Diego buries the hatchet, er... knife

During the fight in the Icarus Theatre, Diego finally gets a chance to confront Cha Cha. This is a deeply personal beef for Diego, as she was the one who killed his friend, Detective Eudora Patch. At the end of the fight, however, when he has Cha Cha at his mercy, he ends up sparing her life. If you were confused as to why, this is actually a culmination of Diego's journey throughout the season.

Even before he became consumed with his quest for revenge, Diego was always one of the morally murkier Hargreeves children. The one thing that always kept him from going off the deep end, however, was his friendship with Patch. When Diego finally gets the chance to kill Cha Cha, he can't help but think about what Patch would think of him now. He remembers a conversation with Five that he had in episode nine — Five asked him "What did you like about her?" and Diego said, "She believed in people... She always saw the good inside."

Diego realizes that perhaps there was some good inside Cha Cha as well, even if she herself didn't realize it yet, and he decides to leave her alive so maybe she can also get a chance to find it someday. Does this mean that Diego is going to be less broody in the future? Here's hoping he finally lightens up his wardrobe a little from all black to including a little dark gray now and again.

Vanya goes out with a bang

One of the biggest turning points in the Umbrella Academy season 1 finale comes when Allison finally has to decide whether Vanya is beyond saving. Up until now, she has always advocated attempting to reason with Vanya. When Vanya is about to kill not just the four Hargreeves boys, but also possibly the entire world, Allison realizes that Vanya might need to be put down for good. She pulls out a handgun and considers shooting Vanya in the back of the head.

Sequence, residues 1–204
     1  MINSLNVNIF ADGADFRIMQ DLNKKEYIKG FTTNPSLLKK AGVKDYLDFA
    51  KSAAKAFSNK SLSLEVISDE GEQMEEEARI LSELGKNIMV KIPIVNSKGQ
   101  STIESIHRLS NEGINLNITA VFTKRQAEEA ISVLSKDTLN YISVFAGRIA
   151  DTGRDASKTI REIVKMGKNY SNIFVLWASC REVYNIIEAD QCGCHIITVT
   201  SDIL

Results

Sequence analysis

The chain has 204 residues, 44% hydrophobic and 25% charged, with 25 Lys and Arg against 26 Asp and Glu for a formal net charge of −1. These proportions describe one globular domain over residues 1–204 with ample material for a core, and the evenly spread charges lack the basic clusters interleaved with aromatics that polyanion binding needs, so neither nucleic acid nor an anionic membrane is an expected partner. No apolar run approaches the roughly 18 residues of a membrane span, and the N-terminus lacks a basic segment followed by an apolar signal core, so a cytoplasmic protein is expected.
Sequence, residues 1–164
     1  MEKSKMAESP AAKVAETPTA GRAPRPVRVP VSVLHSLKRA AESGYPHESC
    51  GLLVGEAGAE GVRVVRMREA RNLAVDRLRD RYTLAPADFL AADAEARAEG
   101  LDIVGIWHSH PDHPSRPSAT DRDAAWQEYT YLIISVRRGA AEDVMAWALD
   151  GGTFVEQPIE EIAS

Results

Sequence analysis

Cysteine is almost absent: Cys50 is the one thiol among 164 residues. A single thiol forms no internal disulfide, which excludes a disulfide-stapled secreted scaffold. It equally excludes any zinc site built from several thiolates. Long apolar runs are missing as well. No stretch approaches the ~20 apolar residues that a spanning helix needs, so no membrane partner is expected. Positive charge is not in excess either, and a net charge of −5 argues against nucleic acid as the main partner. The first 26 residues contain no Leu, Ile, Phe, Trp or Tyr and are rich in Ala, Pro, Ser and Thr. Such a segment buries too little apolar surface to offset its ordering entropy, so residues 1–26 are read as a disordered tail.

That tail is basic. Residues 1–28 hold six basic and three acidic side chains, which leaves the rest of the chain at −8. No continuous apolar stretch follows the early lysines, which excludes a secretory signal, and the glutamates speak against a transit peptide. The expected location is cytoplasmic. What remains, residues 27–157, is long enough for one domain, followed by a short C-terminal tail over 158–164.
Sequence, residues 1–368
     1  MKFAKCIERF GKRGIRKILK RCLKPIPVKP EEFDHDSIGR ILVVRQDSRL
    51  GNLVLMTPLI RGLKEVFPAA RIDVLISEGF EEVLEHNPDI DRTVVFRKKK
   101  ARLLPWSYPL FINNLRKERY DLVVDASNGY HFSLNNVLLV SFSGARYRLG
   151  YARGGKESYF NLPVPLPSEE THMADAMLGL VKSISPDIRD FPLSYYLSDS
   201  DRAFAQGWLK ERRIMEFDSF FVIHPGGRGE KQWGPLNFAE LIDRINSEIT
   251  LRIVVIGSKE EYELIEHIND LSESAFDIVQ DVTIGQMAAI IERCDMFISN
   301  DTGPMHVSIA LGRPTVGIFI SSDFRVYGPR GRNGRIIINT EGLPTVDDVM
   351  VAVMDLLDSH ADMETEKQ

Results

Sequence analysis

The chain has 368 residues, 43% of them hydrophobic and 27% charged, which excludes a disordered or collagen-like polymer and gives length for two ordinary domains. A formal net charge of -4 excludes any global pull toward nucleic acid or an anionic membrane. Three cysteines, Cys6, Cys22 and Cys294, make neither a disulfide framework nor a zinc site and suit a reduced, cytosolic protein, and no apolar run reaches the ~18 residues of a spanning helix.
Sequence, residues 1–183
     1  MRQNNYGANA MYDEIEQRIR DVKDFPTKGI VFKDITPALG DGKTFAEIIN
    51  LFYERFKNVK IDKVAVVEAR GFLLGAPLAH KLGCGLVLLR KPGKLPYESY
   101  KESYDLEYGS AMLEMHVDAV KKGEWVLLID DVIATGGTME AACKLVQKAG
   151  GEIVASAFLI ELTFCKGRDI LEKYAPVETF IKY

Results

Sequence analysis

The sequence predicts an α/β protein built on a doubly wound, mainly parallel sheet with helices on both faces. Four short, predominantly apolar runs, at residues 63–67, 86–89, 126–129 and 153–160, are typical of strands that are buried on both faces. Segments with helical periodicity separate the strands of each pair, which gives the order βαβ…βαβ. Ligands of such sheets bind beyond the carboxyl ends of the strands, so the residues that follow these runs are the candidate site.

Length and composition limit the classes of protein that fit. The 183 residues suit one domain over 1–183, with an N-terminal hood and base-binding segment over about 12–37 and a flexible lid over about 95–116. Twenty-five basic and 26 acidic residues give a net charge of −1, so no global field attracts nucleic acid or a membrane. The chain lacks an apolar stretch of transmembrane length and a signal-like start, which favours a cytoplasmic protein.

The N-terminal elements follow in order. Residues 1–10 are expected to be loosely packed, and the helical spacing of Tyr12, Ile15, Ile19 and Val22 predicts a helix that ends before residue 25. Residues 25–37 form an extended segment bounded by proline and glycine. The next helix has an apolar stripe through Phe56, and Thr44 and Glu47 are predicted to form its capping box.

In the comics, Vanya actually does get shot in the head at this moment, but it's Five who pulls the trigger, not Allison. The comics version of Vanya ends up surviving this injury, but she is paralyzed from the neck down and also has memory loss. In the show, however, Allison opts for another way. She places the gun right next to the side of Vanya's head and fires. The sound of the gun going off that close to Vanya's ear is enough to break her concentration long enough for the Hargreeves boys to escape.

The long term-consequences on Vanya aren't clear, since she passes out immediately and doesn't wake up before the end of the episode, but it's possible she's suffered hearing damage. That would certainly make her career as a violinist more difficult, and add an unexpected wrinkle to a character with the ability to control sound.